If global banks, utilities and governments find it nearly impossible to defend against cyber-attacks, then spare a thought for those dealing with SME cyber security
Heightened interest in SME cyber security issues has driven a large increase in the number of small and medium businesses who are becoming more cyber aware according to leading online accountancy software provider MYOB.
The latest MYOB Business Monitor survey highlights that 70% of New Zealand SMEs now register concerns with one or more SME cyber security risk areas, an increase of 10% in just six months, with awareness up across all categories.
“This is a hugely significant result and highlights the increasing appreciation amongst small business owners of the importance of good cyber security processes and working with trusted partners to make sure their data is secure,” says MYOB New Zealand General Manager James Scollay.
The survey of more than 1,000 SME customers conducted for MYOB by Colmar Brunton reveals that the risk of hackers gaining access to data is the leading online security issue, with 56% of SMEs highlighting concerns in this area, up from 42% in Sept 2015. Losing access to data was also high on the awareness list, concerning 50% of SMEs surveyed – up from 37% in Sept 2015.
|Concern||March 2016||September 2015|
|Hackers gaining access to data||56%||42%|
|Losing access to data (ransomware blocking)||50%||37%|
|Losing control of data (ransomware blocking)||46%||32%|
|Competitors accessing data||19%||11%|
|Data surveillance by local governments||18%||10%|
At the same time SMEs in the UK are finding out that expensive SME cyber security is often powerless to stop extortion. As a UK-based building consultancy discovered the hard way what being hit by ransomware means. One minute the company is a functioning business, the next it’s being extorted by people it has never met, a threat it hasn’t heard of and crime it didn’t even know existed.
The firm later traced the fateful infection by a ransomware variant called DMA Locker back to an email attachment opened in Outlook at 21.46 on 6 March, a vulnerable moment because it happened to be a Sunday, a day when most of the firm’s 30 employees were at home. As with so many ransomware infections, the simple act of opening one attachment became a gateway to a world of trouble. The malware immediately started encrypting files on the first PC before successfully reaching out to a series of attached network drives. With nobody around accessing those shares, nothing untoward was noticed until the next day by which time 90 percent of the files the company rated as critical to its business had been scrambled using AES-256 – or at least that’s what the malware claimed in the ransom message.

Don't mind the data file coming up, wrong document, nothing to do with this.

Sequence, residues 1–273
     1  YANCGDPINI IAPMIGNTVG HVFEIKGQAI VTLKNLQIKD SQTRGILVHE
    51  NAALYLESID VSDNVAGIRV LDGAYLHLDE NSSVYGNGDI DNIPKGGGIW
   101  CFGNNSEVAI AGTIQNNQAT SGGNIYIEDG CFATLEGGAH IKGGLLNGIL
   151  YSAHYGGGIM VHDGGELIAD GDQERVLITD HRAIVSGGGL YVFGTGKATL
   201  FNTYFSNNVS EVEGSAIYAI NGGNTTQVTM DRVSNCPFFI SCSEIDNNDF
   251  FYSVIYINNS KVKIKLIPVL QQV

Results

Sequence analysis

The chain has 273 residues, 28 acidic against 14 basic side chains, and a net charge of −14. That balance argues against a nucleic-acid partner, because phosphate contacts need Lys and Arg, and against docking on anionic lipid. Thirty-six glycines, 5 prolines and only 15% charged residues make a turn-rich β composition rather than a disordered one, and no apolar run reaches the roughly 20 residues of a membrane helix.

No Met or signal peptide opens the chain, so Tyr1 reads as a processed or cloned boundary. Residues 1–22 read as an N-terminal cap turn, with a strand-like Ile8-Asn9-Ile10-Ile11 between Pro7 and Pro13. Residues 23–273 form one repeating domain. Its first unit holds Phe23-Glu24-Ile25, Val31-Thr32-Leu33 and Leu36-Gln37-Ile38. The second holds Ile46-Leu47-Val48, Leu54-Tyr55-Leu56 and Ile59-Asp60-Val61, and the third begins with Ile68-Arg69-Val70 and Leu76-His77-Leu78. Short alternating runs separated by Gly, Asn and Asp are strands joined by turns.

Most ransomware demands a modest ransom, usually between $500 and $1,000 in Bitcoins, but this one asked for £6,500 ($9,500), an unusually high price that strongly suggests that the attackers had carried out a targeted raid.
The SEM firm had only firewalls – no defense whatsoever against this kind of malware – which meant its only line of defense was antivirus software running on each PC. This layer failed to notice the ransomware, not surprising given that the variant was new. This inability of antivirus to stop aggressive ransomware makes such attacks similar to zero days.
The firm had no security team which meant that reinstating the encrypted files from backup was not an easy alternative. This is a common theme among SMEs but even larger organizations with staff on hand find locating backups and installing them a complicated issue that could take days or weeks.
It’s all part of the extortionist’s business model – the cost of reinstating encrypted files (assuming such backups exist for all lost files) – costs more than the ransom. An unknown but growing number simply pay up because it’s the cheapest option.
It’s a dark experience more and more UK SMEs and even large enterprises find themselves living though. Smaller firms are in greater danger because they often lack the knowledge to cope.
When ransomware strikes – lessons? Every firm needs to devise a plan as to how it will respond not simply to malware in general but extortion specific attacks such as DDoS, ransomware, web defacement, data breaches or a combination of all of the above. Having backups is a start but not on its own enough.
Most of important of all, companies shouldn’t wait for trouble to strike. Ransomware is not a new threat but it shows no sign of going away, far from it. It is evolving and the targeting is becoming better and better. Every and any company is at risk. Don’t ignore it; give yourself a chance by understanding the enemy.